Democratic Sen. Ben Nelson said Thursday he won't support the Senate health bill in its current form, saying he's still not satisfied that the bill will prevent federal funding from going to abortions.

The senator from Nebraska became the focus of Democrats' efforts Thursday to rally the 60 votes they need to overcome a Republican filibuster and pass health care reform. On Wednesday, Vermont independent Senator Bernie Sanders said that "at this point" he cannot support the health reform bill, following the removal of the public option and Medicare buy-in from the bill at the insistence of Sen. Joe Lieberman.

But while Sanders highlighted progressives' disappointment with the latest version of the bill, Nelson's announcement indicated that some more conservative elements of the Democratic caucus are also unsatisfied.

"If it's not at the point where I think it needs to be with the improvements that I'm pushing -- and they've made a lot of them -- then I will not vote for cloture on the motion to end debate," Nelson told a Nebraska radio station, according to The Hill.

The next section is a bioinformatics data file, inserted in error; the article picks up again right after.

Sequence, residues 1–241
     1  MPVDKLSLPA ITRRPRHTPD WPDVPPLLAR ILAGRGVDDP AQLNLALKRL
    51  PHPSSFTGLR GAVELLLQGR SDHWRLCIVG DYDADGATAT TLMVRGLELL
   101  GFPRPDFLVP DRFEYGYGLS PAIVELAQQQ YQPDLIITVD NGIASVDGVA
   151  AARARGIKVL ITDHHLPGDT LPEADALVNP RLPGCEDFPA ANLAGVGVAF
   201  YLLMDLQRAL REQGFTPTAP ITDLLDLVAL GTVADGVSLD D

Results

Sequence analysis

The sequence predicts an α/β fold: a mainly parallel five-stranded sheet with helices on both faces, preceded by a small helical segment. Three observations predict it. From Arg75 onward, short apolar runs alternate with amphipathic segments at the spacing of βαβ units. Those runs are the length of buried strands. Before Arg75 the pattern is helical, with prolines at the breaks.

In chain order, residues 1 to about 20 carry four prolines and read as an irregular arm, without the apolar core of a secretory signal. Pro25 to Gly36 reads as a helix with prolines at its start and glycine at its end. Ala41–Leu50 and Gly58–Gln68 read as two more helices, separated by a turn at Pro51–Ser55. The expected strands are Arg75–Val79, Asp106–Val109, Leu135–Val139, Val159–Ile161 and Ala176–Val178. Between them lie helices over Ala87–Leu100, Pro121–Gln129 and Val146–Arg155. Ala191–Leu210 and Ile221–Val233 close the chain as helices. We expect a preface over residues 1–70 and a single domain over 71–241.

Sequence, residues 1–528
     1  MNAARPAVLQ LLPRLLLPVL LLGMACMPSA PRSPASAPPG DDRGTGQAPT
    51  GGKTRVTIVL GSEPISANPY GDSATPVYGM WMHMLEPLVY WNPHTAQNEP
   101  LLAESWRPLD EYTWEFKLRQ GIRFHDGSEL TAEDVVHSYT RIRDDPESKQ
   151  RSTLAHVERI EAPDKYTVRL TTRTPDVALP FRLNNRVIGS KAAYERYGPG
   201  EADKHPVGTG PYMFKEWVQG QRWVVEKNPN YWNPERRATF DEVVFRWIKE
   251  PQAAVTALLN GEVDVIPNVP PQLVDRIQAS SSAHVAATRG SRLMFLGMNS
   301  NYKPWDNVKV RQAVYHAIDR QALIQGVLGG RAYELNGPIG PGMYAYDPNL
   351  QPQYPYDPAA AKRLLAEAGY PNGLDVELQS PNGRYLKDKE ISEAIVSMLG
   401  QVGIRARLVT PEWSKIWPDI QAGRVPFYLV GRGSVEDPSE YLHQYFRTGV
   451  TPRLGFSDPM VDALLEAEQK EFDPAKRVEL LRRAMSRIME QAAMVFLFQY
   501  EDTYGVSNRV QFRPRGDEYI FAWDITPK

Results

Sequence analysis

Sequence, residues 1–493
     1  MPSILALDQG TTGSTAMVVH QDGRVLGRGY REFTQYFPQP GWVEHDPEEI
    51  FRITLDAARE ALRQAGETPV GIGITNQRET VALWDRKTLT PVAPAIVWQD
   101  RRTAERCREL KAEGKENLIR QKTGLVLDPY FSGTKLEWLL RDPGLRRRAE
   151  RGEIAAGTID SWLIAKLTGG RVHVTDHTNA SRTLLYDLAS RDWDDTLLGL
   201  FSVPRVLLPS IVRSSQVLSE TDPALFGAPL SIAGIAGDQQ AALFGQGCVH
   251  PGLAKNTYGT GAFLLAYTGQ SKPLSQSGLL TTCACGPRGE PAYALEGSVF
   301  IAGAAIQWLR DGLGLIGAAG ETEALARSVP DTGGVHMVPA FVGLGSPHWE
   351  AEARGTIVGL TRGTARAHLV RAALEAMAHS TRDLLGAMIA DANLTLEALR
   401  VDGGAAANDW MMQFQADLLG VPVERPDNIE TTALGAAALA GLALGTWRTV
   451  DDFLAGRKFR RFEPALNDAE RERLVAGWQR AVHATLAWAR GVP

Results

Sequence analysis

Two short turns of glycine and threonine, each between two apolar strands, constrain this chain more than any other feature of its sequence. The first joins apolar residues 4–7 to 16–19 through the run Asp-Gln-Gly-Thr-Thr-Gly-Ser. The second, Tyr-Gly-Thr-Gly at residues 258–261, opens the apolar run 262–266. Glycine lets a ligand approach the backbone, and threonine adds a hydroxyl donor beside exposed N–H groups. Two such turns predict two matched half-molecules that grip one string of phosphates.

Earlier this month Nelson put forward an amendment to the Senate bill similar to the Stupak-Pitts amendment in the House version of the health bill, which prevents health plans that offer abortion services from receiving federal support. Many reproductive-rights groups criticized the amendment, saying it would restrict access to abortion in the United States. The Senate voted down Nelson's version of that amendment last week.

Nelson met with President Obama on Tuesday, and the president reportedly "spoke persuasively" to convince the senator to support the health bill, but the senator was not "won over."

The Wall Street Journal reports:

The abortion issue is likely to be among the most contentious in House-Senate negotiations on a final compromise bill. The House bill imposes strict limits intended to bar any federal funds from being used to pay for the procedure. The Senate bill, at least for now, would impose limits on coverage but still allow women who get government subsidies to enroll in a plan that covers abortion.

Nelson also said Thursday that he's concerned that the health care initiatives proposed in the bill aren't adequately funded.

"If you're going to extend coverage then obviously there has to be a way to raise the money. They way in which money is raised is not acceptable," he said. "So if there isn't a way to raise the money in tight times, I think you have to look at a scaled-back version."